Of particular importance in the present invention is the initial rough machining of the first and second parts 26,28 at the joining surfaces 32,34 prior to co-machining thereof. The path of the joining surfaces 32,34 may be selected as desired for bifurcating the airfoil in two parts, with certain features associated with the suction side 14 being in one part and certain features associated with the pressure side 16 being in the other part, with the features being complementary and collectively defining the respective airfoil, subject to final external machining.

As shown in FIG. 3, the joining surfaces 32,34 include portions surrounding the internal cooling features 12 from the bottom of the dovetail to the tip of the airfoil main body, and between the leading and trailing edges thereof. The joining surfaces may also include respective portions of some of the internal cooling features 12 as desired, including, for example, various partitions bridging the suction and pressure sides to define the serpentine cooling passages. The joining surfaces also may include flow partitions along the trailing edge which channel the cooling air to the trailing edge holes of the airfoil.

These various features of the two joining surfaces are initially rough machined in height along the circumferential extent of the airfoil so that during co-machining material is removed therefrom to precisely fit together all of the complementary internal features of the parts for optimum bond formation thereat.

As initially shown in FIG. 3, the co-machining of the two parts may be effected using the conventionally known processes of electrochemical machining (ECM) or electrical discharge machining (EDM) suitably modified for co-machining. In conventional ECM an electrode tool is specifically configured with a cutting face being the mirror image of the resulting surface desired in the part. Similarly, in EDM a separate electrode tool may either have a mirror image for machining the respective part, or may be moved as desired for sculpting the required surface contour. In either case, a separate tool is required for machining the corresponding part.

In contrast, and in accordance with the present invention, each of the two parts 26,28 itself is the tool for machining the other part without using a separate cutting tool specifically configured therefor.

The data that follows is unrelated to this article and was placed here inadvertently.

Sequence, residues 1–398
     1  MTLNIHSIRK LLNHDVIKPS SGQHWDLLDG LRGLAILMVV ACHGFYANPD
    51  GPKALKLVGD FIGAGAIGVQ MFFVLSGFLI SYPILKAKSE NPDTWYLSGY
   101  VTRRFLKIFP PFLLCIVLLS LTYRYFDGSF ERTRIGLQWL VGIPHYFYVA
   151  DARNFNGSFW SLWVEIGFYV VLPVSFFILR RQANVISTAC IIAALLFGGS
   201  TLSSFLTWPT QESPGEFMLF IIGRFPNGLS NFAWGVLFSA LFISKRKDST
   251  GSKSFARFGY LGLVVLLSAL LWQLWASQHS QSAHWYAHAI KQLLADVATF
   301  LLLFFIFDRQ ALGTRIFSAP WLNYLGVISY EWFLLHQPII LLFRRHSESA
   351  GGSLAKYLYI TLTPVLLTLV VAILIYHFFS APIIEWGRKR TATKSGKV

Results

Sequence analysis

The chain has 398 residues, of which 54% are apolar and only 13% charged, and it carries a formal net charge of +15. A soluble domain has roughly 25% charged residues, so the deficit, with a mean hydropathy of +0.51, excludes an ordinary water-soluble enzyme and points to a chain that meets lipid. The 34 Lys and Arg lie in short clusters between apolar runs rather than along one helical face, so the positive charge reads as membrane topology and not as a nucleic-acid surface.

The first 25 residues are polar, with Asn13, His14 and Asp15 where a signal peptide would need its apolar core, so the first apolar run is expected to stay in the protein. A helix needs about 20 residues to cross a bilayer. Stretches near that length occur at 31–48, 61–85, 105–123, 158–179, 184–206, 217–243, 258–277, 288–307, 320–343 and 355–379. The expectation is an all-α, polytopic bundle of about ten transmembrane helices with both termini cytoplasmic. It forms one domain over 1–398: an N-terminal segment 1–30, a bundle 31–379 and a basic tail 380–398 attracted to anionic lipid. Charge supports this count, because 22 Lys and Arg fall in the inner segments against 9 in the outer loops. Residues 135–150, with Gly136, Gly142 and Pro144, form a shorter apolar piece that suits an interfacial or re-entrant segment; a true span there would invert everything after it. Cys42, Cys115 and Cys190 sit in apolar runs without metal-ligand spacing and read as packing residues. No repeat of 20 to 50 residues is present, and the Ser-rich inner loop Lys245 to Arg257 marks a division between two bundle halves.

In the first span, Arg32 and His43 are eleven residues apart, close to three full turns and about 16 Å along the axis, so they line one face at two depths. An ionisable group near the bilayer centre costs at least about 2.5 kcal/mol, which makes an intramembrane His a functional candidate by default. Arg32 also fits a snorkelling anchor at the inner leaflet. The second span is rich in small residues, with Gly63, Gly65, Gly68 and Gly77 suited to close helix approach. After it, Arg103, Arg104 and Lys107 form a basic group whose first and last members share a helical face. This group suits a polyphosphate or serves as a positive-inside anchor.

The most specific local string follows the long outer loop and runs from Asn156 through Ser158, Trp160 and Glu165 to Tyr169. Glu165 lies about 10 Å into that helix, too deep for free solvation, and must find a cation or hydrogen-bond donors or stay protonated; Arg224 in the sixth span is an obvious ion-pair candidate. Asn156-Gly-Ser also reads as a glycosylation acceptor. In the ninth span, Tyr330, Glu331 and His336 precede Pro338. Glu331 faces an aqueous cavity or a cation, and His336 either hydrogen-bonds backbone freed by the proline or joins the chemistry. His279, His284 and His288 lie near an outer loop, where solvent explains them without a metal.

FIG. 5 illustrates schematically exemplary embodiments of co-machining the two parts 26,28 in accordance with a preferred embodiment. The two parts 26,28 are electrically powered using a suitable high current power supply 36 to define an anode (+) and cathode (-), respectively. The two parts are suitably fixtured in corresponding carriages 38 for accurately positioning together the two parts to maintain a predetermined gap 40 between the respective joining surfaces 32,34. A suitable liquid 42 is then channeled through the gap 40 to simultaneously co-machine or remove material from the joining surfaces 32,34 for exact matching thereof.

In FIG. 5, the joining surfaces are initially shown in solid line with a suitable amount of excess material for being co-machined. As the first part 26 machines the second part 28 at the joining surface 34, the second part simultaneously machines the first part at its joining surface 32 until sufficient material is removed from both surfaces as shown in dashed line for achieving a precise fit-up with substantially exact mating surfaces. Since the joining surfaces 32,34 may be relatively complex in contour to follow the three-dimensional configuration of the airfoil 10, which may twist from root to tip and have varying camber, the co-machining ensures a precise mating interface irrespective of the 3-D complexity of the parts and joining surfaces.

For electrochemical co-machining of the parts 26,28, the liquid 42 is a suitable electrolyte, and ECM may be performed in a conventional ECM machine specifically configured for fixturing the two parts 26,28 instead of each of those parts with an otherwise conventional ECM cutting electrode.

Similarly, for electrical discharge co-machining of the two parts 26,28, the liquid 42 is a suitable dielectric, such deionized water, which flows through the gap 40 for cooling the parts and removing debris, and EDM may be effected in a conventional EDM machine specifically configured for fixturing the two parts instead of either one of the parts and a corresponding conventional EDM cutting electrode. Whereas ECM removes material from both joining surfaces 32,34 by electrochemical action, EDM removes material therefrom by controlled sparking or arcing, with both processes resulting in a smooth and substantially exact fit-up at the co-machined joining surfaces 32,34.